Supporting children with maths
We all want children to feel confident with numbers, even if we struggle with maths ourselves
Everyone can help children with maths – you don't need to be an expert, and we can help!
Whether as a parent, carer or a teacher, building our own confidence with numbers helps when supporting children with maths.
What we offer
Support for parents & families
Use our advice, ideas and materials to help your children to feel good about numbers.
Support for schools
We work with schools and colleges across the UK to improve numeracy levels and attitudes towards maths.
See how we can help your school.
Activities for children
We've got loads of activities and ideas to help parents, carers and teachers build their children's confidence with numbers.
Help yourself to help others
If a fear of maths has you hiding from homework, we can help!
With a little help from us you can build your number confidence and skills, and begin to feel more prepared for when children come to you for help, and help pass your confidence onto them.
The free National Numeracy Challenge is designed to help you! It’s a free, quick and easy way to check your skills and confidence with numbers, where you can go at your own pace, with learning resources tailored to you and your level. It helps with the maths we come across at work and in daily life – not algebra, or trigonometry. You can get started in just 10 minutes, and join the 390,000 others that have already started their journey to number confidence. Give it a go!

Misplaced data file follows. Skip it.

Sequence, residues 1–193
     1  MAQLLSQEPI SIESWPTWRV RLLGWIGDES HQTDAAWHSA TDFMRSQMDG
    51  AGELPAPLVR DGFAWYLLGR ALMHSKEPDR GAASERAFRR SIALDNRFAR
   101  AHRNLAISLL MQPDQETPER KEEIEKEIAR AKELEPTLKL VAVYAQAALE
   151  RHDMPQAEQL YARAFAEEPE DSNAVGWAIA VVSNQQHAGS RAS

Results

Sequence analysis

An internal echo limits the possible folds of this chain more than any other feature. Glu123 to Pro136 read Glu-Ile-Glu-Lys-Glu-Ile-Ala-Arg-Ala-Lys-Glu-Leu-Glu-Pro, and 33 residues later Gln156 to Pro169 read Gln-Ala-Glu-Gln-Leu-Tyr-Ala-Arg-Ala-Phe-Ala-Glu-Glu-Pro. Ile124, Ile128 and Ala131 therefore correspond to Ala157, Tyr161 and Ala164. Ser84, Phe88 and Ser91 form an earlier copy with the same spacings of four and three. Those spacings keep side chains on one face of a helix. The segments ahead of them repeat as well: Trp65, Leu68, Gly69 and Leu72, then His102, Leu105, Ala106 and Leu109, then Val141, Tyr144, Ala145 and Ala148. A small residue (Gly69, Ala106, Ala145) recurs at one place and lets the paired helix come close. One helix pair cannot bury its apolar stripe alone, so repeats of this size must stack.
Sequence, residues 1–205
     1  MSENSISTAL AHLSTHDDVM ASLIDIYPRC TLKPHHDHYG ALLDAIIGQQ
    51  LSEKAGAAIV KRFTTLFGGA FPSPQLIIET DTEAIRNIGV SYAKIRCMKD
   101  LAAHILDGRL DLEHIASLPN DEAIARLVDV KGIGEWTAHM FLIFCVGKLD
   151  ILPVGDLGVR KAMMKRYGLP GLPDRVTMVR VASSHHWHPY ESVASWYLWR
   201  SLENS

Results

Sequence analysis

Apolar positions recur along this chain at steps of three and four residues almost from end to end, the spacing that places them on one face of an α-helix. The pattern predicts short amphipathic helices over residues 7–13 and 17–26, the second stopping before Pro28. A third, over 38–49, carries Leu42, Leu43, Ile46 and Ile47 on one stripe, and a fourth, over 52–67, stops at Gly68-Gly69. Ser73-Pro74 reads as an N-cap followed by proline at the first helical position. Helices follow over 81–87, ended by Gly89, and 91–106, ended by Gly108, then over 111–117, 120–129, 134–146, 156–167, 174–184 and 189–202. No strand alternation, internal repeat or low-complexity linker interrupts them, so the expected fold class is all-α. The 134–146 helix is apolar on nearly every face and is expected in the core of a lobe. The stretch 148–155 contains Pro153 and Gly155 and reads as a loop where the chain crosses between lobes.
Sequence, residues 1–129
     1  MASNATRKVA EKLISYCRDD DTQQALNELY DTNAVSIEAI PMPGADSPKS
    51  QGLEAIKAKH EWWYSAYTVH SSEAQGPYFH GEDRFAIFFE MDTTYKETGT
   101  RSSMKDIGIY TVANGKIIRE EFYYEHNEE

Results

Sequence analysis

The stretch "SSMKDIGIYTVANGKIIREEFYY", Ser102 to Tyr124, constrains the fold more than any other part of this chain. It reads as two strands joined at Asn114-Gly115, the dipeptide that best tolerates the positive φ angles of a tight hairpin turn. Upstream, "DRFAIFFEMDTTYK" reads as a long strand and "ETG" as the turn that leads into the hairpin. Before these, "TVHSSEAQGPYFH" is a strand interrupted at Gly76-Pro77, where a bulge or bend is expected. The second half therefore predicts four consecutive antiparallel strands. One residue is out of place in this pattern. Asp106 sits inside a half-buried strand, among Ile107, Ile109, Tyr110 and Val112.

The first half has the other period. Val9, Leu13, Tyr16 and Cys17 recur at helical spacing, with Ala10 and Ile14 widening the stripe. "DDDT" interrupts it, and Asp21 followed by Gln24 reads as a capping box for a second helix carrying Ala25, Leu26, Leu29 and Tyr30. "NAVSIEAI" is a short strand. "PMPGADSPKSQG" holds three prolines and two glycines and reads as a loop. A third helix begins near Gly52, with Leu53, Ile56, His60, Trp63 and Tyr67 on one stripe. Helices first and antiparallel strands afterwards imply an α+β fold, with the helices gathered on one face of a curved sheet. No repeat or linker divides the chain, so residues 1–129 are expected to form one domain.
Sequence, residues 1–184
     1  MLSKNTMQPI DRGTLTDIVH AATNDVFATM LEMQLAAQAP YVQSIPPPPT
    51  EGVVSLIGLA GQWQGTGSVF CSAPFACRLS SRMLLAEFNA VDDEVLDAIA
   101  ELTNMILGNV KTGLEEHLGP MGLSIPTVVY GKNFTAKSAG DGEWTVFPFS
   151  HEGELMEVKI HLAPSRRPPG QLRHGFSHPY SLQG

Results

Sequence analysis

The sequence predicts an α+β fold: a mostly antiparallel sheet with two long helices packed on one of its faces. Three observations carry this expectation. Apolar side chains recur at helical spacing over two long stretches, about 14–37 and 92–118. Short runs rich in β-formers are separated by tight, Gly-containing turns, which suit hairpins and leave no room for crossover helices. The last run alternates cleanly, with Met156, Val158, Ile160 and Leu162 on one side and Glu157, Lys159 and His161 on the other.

Developing number confidence and a positive attitude to maths has a crucial impact on a child's schooling, and their ability to use numbers in everyday life as they grow.
Watch National Numeracy's Ben talk about how we can help children develop positive attitudes towards maths.
Ben and the team run attitudinal training sessions for teachers and parents.
Top tips for parents
Be positive about maths. Try not to say things like "I can't do maths" or "I hated maths at school" – your child may start to think like that themselves.
Point out the maths in everyday life. Include your child in activities involving numbers and measuring, such as shopping, cooking and travelling.
Praise your child for effort rather than for being "clever". This shows them that by working hard, they can always improve.
What's the issue?
Too many children start to fall behind in maths early on and that failure is compounded over the years.
Very many young people leave school without the numeracy skills needed for life. The gap between low and high achievers is greater in maths than in any other subject. This is not a new situation but it is one that successive governments have failed to resolve.
We want all children to see maths as something they can learn and something that is relevant to their lives after school. Whether or not they proceed to higher maths, all children need to develop confident numeracy skills that will serve them well throughout life.
Our attitudes towards maths and how that impacts the children around us can make a huge difference. Download our Family Maths Toolkit for tips on how to talk about maths and ideas to bring numeracy to life, it's free to sign up.